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The Power of Ice

 by: Louise Roach

Using ice to treat injuries is one of the oldest methods of pain control. Proven to be safe and effective at reducing swelling, relieving pain and decreasing muscle spasms, ice therapy is an easy self-care technique that anyone can administer. Every mother knows to put ice on a bruised knee after a soccer game or on a teething toddler's tender gums. But do you really know how ice works?

Cold therapy, also known as cryotherapy, works on the principle of heat exchange. This occurs when you place a cooler object in direct contact with an object of warmer temperature, such as ice against skin. The cooler object will absorb the heat of the warmer object. Why is this important when it comes to cold therapy?

After an injury, blood vessels that deliver oxygen and nutrients to cells are damaged. The cells around the injury increase their metabolism in an effort to consume more oxygen. When all of the oxygen is used up, the cells die. Also, the damaged blood vessels cannot remove waste. Blood cells and fluid seep into spaces around the muscle, resulting in swelling and bruising. When ice is applied, it lowers the temperature of the damaged tissue through heat exchange and constricts local blood vessels. This slows metabolism and the consumption of oxygen, therefore reducing the rate of cell damage and decreasing fluid build-up. Ice can also numb nerve endings. This stops the transfer of impulses to the brain that register as pain.

Most therapists and doctors advise not to use heat right after an injury, as this will have the opposite effect of ice. Heat increases blood flow and relaxes muscles. It's good for easing tight muscles, but will only increase the pain and swelling of an injury by accelerating metabolism.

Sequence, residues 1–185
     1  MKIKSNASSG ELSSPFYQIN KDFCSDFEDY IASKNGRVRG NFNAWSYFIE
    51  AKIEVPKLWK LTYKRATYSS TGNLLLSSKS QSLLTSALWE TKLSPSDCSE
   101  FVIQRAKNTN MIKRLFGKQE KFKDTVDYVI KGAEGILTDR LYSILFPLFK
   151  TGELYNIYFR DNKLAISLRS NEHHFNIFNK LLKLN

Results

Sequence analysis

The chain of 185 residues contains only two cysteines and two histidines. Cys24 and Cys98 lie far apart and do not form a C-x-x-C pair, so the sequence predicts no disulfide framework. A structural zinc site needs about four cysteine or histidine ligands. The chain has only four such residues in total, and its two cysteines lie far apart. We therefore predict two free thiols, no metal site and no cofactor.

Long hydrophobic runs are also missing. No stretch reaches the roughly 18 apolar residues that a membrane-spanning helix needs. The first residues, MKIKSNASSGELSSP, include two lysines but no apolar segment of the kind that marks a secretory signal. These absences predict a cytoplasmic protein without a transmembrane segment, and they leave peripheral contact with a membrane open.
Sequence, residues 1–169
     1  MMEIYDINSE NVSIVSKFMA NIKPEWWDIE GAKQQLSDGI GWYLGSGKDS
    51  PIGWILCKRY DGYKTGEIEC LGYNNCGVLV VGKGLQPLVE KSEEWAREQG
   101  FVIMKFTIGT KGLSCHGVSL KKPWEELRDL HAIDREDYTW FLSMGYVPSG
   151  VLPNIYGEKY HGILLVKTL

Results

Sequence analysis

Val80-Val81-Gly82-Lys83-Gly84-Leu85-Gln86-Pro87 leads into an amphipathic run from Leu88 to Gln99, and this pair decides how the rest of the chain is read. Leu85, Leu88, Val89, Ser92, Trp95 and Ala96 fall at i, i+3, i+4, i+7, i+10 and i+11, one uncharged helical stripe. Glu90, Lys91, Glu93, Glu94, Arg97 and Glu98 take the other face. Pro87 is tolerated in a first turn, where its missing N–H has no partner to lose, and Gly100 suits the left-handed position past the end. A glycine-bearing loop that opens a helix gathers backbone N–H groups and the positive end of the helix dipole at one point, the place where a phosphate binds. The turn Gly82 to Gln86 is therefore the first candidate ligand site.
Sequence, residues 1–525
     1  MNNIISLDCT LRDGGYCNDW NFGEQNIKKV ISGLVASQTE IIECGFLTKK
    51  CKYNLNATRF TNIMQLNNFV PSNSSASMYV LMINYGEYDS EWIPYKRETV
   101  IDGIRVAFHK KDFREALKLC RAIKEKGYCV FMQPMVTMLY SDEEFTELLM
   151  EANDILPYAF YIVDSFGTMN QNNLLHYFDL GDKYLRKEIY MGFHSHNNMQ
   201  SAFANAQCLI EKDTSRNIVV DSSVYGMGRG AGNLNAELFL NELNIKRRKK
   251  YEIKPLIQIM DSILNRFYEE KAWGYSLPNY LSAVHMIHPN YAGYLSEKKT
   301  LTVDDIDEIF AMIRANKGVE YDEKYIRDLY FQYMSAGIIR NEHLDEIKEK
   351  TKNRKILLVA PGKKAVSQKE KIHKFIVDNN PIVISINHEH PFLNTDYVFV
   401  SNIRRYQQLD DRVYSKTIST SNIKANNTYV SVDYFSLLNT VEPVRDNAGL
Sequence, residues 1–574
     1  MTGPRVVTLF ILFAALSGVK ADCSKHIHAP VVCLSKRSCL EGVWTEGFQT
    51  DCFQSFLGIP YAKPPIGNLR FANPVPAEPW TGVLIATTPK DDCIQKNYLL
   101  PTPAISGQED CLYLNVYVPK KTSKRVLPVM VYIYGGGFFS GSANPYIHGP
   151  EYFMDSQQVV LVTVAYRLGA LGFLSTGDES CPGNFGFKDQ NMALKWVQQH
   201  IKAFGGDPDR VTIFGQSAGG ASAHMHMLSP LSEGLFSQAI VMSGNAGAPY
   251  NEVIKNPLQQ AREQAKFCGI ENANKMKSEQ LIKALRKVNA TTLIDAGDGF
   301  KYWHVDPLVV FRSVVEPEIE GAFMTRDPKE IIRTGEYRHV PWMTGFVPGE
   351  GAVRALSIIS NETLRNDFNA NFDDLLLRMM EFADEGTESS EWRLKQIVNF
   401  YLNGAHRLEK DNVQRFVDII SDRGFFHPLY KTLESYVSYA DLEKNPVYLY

When it comes to cooling devices, different effects will result due to the device's ability to exchange heat. Crushed ice packs do a better job at cooling the body than chemical or gel packs, because they last longer and are able to draw four times the amount of heat out of tissue. The important difference is that ice packs undergo phase change, allowing them to last longer at an even temperature, creating a more effective treatment. Most chemical or one-time-use packs and gel packs do not undergo phase change. They quickly loose their ability to transfer heat, limiting their effectiveness to reduce swelling. Their short duration of cold is not long enough to produce numbness, also reducing their ability to relieve pain.

Cold therapy should always be used as soon as possible after an injury occurs and continued for the following 48 hours at 15 to 20 minute intervals. Remember if you hurt yourself, you need to ice!

This information is not intended as a substitute for professional medical treatment or consultation. Always consult with your physician in the event of a serious injury.

About The Author

Louise Roach is the editor of an on-line health and fitness newsletter. She has been instrumental in the research, testing and development of SnowPack, a patented cold therapy that exhibits the same qualities as ice. Her injury prevention and treatment articles have been published on running, walking and fitness websites. For more information visit: http://www.snowpackusa.com or NewsFlash*SnowPack at: http://home.netcom.com/~newsflash. Louise Roach can be reached at: info@snowpackusa.com

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